FACT: orofacial myofunctional therapy has been shown to improve daytime sleepiness, decrease snoring, and reduce AHIs (episodes of stopping or troubled breathing in sleep) by 62% in children and 50% in adults (Sleep journal published online May 1, 2015).
Myofunctional therapy has been recommended to play a primary role in the plan of care for individuals with sleep disorders. Studies have shown this therapy to play a vital supporting role with other medical-dental sleep treatments in obtaining the best outcome possible for improving sleep. These therapies focus on improving the airway. Good sleep hygiene practice is also essential to getting good sleep while working on improving or having already established a better airway. Don’t skimp on supporting your body and brain in getting the deep sleep they need nightly! There are good and bad habits that can make or break getting the zzzz’s you need to stay healthy. Here are just 4 examples:
- Avoid blue light, bright light, LED lights in the later afternoon and evening, since the spectrum of these lights tells your body it is morning or middle of the day, which confuses your brain about when it is supposed to wind down for sleep; instead, wear blue light blocking glasses to work on your computer or phone or to watch TV, starting early evening (or, better yet, avoid computer, phone, and TV screens within 2-3 hours of going to bed); avoid going places on school/work nights that have bright lights (e.g. grocery shopping), or wear blue light glasses in those environments, since you can get a pair with clear lenses.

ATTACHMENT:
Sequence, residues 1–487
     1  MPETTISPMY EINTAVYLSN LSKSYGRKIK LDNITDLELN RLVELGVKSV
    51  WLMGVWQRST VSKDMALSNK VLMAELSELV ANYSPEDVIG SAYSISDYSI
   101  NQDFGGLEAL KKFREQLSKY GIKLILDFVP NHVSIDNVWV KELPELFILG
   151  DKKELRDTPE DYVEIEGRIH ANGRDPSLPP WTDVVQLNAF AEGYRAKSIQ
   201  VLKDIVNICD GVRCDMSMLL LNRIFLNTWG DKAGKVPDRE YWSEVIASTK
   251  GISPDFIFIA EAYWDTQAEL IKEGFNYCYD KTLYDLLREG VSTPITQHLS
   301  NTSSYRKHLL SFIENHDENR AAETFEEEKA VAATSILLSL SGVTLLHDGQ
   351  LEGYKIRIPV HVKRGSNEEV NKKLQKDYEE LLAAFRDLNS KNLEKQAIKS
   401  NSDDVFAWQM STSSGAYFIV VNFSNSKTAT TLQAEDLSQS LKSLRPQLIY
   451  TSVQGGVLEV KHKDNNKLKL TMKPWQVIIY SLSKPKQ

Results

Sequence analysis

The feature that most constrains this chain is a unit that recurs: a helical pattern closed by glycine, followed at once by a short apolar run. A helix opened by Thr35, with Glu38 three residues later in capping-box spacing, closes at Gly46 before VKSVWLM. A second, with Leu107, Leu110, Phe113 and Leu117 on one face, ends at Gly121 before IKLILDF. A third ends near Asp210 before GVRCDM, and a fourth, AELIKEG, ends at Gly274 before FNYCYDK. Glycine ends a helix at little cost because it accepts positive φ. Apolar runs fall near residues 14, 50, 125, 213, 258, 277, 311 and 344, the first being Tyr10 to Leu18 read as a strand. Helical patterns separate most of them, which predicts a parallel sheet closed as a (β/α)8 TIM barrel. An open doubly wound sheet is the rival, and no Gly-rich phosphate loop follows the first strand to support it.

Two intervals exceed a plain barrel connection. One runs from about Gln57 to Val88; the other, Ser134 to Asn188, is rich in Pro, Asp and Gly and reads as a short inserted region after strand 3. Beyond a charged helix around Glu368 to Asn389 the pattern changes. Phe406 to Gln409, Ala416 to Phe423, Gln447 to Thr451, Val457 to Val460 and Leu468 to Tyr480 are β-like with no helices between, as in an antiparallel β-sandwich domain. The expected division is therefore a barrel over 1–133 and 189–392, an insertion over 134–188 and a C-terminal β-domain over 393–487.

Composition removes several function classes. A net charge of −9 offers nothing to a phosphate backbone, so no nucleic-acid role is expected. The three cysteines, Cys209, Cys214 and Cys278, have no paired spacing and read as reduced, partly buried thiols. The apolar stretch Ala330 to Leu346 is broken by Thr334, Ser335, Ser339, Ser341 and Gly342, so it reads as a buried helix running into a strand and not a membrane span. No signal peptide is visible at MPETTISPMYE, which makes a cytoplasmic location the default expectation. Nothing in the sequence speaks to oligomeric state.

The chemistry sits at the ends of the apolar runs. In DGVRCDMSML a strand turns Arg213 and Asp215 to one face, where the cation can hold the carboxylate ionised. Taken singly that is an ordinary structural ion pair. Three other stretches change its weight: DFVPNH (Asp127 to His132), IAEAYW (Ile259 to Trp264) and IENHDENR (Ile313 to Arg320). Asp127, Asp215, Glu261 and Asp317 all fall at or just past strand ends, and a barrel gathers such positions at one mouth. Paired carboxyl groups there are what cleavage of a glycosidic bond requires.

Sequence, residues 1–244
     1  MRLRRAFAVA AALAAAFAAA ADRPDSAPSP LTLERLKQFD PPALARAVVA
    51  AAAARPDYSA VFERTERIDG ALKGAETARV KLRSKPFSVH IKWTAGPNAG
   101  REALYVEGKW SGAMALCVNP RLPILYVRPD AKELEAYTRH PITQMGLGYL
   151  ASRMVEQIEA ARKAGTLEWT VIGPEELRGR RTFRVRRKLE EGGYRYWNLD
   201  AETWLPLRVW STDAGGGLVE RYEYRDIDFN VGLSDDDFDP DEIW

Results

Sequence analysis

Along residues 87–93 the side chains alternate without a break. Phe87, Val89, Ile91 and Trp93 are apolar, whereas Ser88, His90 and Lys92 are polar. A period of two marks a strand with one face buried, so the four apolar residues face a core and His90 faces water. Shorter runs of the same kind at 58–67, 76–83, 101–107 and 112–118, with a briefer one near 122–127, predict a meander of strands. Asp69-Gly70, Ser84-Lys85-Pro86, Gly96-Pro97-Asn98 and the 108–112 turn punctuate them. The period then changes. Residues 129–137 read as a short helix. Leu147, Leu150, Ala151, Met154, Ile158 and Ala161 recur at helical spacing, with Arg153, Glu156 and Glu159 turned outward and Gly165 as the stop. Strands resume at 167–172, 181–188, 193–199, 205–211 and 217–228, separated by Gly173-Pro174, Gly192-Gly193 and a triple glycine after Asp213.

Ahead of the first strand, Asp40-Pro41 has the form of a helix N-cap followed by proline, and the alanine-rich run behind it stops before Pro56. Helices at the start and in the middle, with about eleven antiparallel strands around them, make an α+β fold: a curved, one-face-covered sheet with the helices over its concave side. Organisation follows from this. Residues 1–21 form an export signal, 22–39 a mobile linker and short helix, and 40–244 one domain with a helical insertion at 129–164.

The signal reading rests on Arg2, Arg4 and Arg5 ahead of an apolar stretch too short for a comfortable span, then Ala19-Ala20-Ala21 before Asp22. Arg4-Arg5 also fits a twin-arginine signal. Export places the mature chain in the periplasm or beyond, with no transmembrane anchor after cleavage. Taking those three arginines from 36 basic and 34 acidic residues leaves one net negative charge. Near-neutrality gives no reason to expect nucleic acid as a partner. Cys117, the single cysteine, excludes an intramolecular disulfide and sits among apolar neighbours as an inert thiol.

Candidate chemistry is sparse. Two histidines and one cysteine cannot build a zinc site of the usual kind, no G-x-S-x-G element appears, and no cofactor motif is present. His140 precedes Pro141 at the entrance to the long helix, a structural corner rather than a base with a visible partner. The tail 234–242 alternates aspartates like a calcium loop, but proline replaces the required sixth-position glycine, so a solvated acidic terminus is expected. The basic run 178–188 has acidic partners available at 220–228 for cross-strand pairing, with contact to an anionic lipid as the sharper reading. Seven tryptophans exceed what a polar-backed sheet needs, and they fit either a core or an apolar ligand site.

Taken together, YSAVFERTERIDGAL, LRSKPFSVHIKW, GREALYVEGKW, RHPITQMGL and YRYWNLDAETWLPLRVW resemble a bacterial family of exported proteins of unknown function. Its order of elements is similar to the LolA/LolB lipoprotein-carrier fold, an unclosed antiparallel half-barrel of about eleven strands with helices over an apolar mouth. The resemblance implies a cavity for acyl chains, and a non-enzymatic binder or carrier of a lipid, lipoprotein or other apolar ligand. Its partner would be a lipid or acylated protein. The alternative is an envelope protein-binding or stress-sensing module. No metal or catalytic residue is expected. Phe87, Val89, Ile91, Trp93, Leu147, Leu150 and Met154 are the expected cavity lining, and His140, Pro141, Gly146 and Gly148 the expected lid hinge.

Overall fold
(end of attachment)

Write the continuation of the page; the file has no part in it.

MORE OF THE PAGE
- Use your bedroom only for romance and sleeping. Read somewhere else. Watch TV somewhere else…this trains your brain to associate your bedroom/bed with sleep (also, keep your bedroom cool – 65-68 degrees – since your body falls asleep when your core temperature cools)
- Avoid drinking alcohol or eating 2-3 hours prior to your bedtime, so that your body can focus on sleep and not digestion when you get into bed.
- Sometime before going to bed, write down or just take time to think about (identify) any worries or anxieties on your mind, then decide on the next step you will take to address them (e.g. I am going to call her in the morning; I will respond to his email in this way; I will suggest that we…). That way, if you wake up thinking about 1 or more of these, you can tell your brain, “I already have a plan for the next step and don’t need to worry about this right now. I can worry if the next step doesn’t resolve it. We can go back to sleep”. You might be surprised how often your brain will listen to you.
- Meanwhile…if you are awake for several minutes or longer in the middle of the night and #4 above is not working….try to keep your eyes open. If you have your eyes closed, but are “awake”, your body may be comfortable just resting versus sleeping. Challenge yourself to keep your eyes open and you may end up falling asleep while focusing on that.
Improving sleep is a journey. Take it one day and one sleep hygiene habit at a time!
Joni Loftin, MSP-CCC-SLP, COM, Certified Orofacial Myologist